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Cornus kousa: Kousa Dogwood1

Edward F. Gilman and Dennis G. Watson 2


Kousa dogwood grows 15 to 20 feet tall and has beautiful exfoliating bark, long lasting flowers, good fall color, and attractive fruit. Branches grow upright when the tree is young, but appear in horizontal layers on mature trees. The crown eventually grows wider than it is tall on many specimens. It would be difficult to use too many Kousa dogwoods. The white, pointed bracts are produced a month later than flowering dogwood and are effective for about a month, sometimes longer. The red fruits are edible and they look like a big round raspberry. Birds devour the fruit quickly. Fall color varies from dull red to maroon.

Figure 1. Young Cornus kousa: kousa dogwood
Figure 1.  Young Cornus kousa: kousa dogwood
Credit: Ed Gilman, UF/IFAS

General Information

Scientific name: Cornus kousa
Pronunciation: KOR-nus KOO-suh
Common name(s): Kousa dogwood, Chinese dogwood, Japanese dogwood
Family: Cornaceae
USDA hardiness zones: 5A through 8B (Fig. 2)
Origin: not native to North America
Invasive potential: little invasive potential
Uses: specimen; container or planter; deck or patio; screen
Availability: not native to North America

Figure 2. Range
Figure 2.  Range


Height: 15 to 20 feet
Spread: 15 to 20 feet
Crown uniformity: symmetrical
Crown shape: round
Crown density: dense
Growth rate: slow
Texture: medium


Leaf arrangement: opposite/subopposite (Fig. 3)
Leaf type: simple
Leaf margin: entire
Leaf shape: ovate
Leaf venation: bowed, pinnate
Leaf type and persistence: deciduous
Leaf blade length: 2 to 4 inches
Leaf color: green
Fall color: purple, red
Fall characteristic: showy

Figure 3. Foliage
Figure 3.  Foliage


Flower color: white/cream/gray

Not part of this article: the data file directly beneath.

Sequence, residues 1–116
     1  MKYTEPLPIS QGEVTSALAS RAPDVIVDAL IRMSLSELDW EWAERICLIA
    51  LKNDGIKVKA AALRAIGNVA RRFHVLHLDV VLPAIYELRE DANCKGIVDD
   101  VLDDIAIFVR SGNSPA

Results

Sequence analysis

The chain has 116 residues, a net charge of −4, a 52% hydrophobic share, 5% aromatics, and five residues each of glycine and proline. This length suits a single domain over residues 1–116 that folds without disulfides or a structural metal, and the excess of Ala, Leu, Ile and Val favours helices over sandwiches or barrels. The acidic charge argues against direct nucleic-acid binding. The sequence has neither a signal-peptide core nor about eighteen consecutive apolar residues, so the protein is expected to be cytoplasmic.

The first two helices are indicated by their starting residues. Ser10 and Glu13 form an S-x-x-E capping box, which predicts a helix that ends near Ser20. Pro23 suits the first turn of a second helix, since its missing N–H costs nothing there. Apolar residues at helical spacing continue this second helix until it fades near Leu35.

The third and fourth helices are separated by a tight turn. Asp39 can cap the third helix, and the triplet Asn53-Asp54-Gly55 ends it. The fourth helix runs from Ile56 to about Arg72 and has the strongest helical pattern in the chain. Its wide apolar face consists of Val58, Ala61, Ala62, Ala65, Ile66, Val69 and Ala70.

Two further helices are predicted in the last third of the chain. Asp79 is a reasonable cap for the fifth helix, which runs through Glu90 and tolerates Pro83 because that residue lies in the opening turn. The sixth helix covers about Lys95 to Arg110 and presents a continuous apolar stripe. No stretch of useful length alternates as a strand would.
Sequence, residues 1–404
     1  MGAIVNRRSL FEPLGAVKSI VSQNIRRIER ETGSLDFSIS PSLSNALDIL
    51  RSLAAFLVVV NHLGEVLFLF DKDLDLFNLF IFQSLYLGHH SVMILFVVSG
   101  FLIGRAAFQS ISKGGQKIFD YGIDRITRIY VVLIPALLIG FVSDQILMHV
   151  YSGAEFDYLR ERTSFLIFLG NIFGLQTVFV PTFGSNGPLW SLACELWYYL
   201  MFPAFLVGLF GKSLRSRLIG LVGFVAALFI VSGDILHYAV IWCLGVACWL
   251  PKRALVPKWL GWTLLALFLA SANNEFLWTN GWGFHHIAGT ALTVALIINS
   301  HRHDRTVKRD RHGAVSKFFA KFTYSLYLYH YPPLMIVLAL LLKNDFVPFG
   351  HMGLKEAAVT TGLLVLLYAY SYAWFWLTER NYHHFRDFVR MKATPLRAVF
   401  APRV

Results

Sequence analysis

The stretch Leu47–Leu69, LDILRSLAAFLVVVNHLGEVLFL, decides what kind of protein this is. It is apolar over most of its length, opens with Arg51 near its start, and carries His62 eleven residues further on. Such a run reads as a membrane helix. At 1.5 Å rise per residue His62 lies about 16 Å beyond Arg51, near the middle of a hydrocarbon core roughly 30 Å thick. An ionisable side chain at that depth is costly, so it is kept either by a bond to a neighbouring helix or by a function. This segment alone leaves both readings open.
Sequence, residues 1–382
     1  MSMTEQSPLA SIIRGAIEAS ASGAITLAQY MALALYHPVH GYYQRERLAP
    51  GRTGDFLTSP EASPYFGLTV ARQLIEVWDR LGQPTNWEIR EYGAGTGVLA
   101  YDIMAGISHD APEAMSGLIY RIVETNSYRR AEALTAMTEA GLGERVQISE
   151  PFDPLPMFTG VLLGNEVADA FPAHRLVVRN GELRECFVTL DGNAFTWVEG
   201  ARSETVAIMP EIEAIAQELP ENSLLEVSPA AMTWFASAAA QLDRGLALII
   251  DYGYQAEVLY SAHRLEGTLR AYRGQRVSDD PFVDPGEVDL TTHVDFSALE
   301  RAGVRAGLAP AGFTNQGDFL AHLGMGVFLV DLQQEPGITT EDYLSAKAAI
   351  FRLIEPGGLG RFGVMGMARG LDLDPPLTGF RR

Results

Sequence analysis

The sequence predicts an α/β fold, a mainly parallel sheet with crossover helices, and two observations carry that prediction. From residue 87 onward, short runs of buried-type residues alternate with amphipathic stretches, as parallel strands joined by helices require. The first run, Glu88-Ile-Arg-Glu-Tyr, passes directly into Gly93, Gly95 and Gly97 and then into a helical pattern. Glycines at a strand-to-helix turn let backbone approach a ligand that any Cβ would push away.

Flower characteristics: very showy


Fruit shape: oval, round
Fruit length: .5 to 1 inch
Fruit covering: fleshy
Fruit color: red
Fruit characteristics: attracts birds; showy; fruit/leaves not a litter problem

Trunk and Branches

Trunk/bark/branches: branches droop; showy; typically multi-trunked; thorns
Pruning requirement: little required
Breakage: resistant
Current year twig color: brown, green
Current year twig thickness: medium
Wood specific gravity: unknown


Light requirement: full sun, partial sun, or partial shade
Soil tolerances: clay; sand; loam; acidic; well-drained
Drought tolerance: moderate
Aerosol salt tolerance: moderate


Roots: not a problem
Winter interest: yes
Outstanding tree: yes
Ozone sensitivity: unknown
Verticillium wilt susceptibility: resistant
Pest resistance: resistant to pests/diseases

Use and Management

The bark is so attractive on Kousa dogwood that lower branches should be selectively thinned to show it off. Although young trees show only limited bark exfoliation, the tree shows its true bark character as it gets older. The tree also makes a great silhouette as a specimen planting and should be allowed to branch close to the ground to enjoy its full character. The strong horizontal branching habit on older plants is difficult to find in other trees, and it looks great when lit at night from beneath the canopy. Planting a Kousa dogwood can extend the spring flowering season several weeks since it flowers just after flowering dogwood.